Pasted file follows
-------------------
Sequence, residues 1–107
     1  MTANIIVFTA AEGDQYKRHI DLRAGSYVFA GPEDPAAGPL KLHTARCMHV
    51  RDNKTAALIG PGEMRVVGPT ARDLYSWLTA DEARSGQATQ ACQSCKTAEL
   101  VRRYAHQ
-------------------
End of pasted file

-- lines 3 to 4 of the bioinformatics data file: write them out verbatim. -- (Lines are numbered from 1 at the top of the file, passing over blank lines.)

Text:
    51  RDNKTAALIG PGEMRVVGPT ARDLYSWLTA DEARSGQATQ ACQSCKTAEL
   101  VRRYAHQ